Until the next headline, Laura Beth  🙂

Awesome Authors #17: Nicholas Sparks

Nicholas Sparks

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Nicholas Sparks was my absolute go-to for romance novels for a long time. I own nearly every one of his books, and he was a defining author for me for several years.

In fact, I did my college senior thesis on his books. I studied the perceptions of love and romance from female readers. I would like to eventually publish it!

Born on New Year’s Eve 1965, Sparks was the second of three children. The family moved frequently while his father was pursuing graduate studies in Minnesota and California. Eventually, they settled in California after his father became a professor. On a track and field scholarship, Sparks majored in business finance at Notre Dame.

He married Cathy Cote in 1989, and they have had five children, three sons and twin daughters. He started writing in his early college years. His first publication was as a co-author in 1990. The book was titled Wokini: A Lakota Journey to Happiness and Self-Understanding.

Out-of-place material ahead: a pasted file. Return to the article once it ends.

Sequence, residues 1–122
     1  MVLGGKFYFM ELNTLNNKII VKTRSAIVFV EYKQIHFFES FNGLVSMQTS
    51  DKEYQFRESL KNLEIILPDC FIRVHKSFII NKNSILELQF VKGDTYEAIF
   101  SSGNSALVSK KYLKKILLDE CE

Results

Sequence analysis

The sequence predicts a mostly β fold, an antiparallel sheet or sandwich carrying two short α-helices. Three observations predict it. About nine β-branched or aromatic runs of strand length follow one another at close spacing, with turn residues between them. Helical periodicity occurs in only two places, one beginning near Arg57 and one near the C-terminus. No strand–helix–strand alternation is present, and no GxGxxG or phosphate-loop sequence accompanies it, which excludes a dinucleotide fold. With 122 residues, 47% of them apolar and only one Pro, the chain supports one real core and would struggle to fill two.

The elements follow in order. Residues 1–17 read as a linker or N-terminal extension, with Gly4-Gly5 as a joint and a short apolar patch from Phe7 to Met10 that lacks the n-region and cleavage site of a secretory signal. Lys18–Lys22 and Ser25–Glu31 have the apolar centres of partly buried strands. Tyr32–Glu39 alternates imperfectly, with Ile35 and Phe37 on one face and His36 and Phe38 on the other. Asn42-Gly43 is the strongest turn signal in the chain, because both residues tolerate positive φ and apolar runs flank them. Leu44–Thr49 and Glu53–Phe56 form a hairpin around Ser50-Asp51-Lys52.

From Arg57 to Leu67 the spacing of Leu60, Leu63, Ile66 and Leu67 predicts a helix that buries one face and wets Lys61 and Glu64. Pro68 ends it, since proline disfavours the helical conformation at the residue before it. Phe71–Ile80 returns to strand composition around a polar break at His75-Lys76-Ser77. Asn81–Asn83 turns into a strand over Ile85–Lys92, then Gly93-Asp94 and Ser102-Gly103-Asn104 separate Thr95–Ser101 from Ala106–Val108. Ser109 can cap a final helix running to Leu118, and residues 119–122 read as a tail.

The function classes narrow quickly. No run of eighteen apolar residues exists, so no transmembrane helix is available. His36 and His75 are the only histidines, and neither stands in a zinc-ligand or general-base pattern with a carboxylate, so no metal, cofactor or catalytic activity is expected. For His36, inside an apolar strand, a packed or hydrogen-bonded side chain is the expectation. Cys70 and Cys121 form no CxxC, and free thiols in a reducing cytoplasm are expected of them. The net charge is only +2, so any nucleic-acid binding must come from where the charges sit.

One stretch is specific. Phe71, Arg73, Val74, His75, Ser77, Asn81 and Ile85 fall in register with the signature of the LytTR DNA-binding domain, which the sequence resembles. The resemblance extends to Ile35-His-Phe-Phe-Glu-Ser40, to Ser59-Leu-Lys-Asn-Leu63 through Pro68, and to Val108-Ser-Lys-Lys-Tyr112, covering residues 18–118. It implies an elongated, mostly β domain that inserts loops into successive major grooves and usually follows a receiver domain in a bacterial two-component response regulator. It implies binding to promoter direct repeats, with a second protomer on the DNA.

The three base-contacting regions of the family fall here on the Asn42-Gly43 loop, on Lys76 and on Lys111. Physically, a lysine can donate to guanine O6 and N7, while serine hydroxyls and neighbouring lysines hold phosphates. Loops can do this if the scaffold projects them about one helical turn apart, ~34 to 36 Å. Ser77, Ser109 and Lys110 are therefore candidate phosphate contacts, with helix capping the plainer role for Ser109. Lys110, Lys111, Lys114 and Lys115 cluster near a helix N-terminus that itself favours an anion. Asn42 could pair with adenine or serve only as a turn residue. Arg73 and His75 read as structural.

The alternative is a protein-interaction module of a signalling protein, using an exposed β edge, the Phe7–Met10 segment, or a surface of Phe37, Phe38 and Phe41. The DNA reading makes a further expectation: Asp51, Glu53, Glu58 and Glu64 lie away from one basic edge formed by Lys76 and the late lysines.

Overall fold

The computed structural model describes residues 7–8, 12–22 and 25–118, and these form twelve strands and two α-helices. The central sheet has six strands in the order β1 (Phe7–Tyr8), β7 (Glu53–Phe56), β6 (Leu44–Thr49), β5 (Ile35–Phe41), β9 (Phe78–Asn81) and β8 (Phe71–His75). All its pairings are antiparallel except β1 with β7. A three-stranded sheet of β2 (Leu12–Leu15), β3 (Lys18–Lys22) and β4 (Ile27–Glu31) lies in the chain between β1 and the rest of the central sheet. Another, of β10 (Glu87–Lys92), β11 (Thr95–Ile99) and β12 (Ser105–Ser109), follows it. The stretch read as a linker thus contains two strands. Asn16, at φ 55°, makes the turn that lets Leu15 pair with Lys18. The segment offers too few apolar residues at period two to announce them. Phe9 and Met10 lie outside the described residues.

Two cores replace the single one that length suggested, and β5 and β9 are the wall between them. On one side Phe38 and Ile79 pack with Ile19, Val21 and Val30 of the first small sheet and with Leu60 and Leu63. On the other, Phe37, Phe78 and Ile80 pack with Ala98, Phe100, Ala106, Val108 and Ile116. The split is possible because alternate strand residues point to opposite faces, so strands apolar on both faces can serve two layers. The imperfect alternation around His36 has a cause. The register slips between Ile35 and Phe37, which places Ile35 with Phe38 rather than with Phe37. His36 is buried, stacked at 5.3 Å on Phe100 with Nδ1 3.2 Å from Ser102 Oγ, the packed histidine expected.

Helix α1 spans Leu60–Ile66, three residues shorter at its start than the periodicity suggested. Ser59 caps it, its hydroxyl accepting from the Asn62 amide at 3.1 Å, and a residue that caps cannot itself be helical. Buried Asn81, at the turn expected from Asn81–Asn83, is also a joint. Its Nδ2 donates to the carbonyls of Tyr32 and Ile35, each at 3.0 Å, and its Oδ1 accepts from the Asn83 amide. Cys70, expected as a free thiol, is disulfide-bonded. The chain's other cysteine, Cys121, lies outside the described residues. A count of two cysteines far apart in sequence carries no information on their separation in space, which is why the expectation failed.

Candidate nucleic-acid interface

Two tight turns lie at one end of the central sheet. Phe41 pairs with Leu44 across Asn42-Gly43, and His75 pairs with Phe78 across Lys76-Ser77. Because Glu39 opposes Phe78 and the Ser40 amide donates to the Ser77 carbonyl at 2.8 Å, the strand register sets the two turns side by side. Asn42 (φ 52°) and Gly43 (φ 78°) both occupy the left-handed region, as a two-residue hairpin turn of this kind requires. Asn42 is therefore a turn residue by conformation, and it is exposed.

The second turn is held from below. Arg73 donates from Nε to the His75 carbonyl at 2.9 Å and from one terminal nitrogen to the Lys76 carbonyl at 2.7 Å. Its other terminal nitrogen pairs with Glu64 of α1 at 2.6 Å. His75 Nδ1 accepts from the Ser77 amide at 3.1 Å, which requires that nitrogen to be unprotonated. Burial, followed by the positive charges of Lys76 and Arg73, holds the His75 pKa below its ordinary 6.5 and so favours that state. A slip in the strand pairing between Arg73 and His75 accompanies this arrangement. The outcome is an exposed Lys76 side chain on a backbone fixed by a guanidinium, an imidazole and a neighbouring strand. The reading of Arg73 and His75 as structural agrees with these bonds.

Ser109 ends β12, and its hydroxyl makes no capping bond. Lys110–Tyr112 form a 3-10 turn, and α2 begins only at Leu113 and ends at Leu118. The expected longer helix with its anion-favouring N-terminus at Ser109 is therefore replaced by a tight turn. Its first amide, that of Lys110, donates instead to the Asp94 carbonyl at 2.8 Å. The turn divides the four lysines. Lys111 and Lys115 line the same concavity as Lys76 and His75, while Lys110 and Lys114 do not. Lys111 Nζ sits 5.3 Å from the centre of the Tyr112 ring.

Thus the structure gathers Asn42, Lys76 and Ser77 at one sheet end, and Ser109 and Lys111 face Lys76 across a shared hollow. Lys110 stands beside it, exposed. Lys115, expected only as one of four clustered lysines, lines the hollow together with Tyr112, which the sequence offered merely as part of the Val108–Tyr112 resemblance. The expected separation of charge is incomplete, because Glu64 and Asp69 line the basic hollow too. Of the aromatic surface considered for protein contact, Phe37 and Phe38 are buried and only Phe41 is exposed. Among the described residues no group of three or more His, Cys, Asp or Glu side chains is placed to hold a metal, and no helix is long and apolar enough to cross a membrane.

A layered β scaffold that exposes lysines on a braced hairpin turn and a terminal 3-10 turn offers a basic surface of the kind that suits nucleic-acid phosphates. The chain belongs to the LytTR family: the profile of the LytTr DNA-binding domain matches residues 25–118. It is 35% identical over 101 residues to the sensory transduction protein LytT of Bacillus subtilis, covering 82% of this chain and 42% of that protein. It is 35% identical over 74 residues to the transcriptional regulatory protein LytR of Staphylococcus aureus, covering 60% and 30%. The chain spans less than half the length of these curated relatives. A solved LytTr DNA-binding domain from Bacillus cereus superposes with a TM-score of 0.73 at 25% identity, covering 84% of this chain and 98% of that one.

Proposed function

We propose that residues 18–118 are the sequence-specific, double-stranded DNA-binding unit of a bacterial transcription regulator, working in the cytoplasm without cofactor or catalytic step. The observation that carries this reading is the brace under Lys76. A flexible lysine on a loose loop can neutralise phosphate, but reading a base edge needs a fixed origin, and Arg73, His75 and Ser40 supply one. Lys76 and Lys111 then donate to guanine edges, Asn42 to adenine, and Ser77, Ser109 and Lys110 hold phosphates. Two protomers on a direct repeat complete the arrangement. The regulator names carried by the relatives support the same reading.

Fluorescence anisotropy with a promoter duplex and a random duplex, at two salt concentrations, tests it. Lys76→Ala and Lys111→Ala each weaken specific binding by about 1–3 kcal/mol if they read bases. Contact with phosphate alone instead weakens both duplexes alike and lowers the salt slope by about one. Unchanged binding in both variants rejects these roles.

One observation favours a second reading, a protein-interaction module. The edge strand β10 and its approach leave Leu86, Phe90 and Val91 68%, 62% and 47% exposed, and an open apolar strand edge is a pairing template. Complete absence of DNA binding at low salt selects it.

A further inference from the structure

While selling pharmaceuticals in the early 1990s, Sparks wrote The Notebook. Literary agent Theresa Parks offered to represent him after finding it in her agency’s slush pile and liking it. She secured a $1 million advance from Time Warner Book Group in 1995. After its publication in October 1996, it made the New York Times best-seller list in its first week.

He lives in New Bern, North Carolina, where he donated $9 million to New Bern High School for an all-weather tartan track. He and his wife amicably separated in 2015, and subsequently divorced.

As of October 2018, he has published 22 books. He has published one book nearly every year since 1996, with two books being released in 2003, as well as 2005. Eleven books have been New York Times best-sellers. His most recent book is Every Breath.


A Walk to Remember (1999)

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Image Credit: Wikipedia

I honestly can’t remember if this was truly the first Sparks book I read. But, I loved it, and the movie adaptation (2002) was very good. It was also incorporated into some of our Sunday School classes and youth group activities.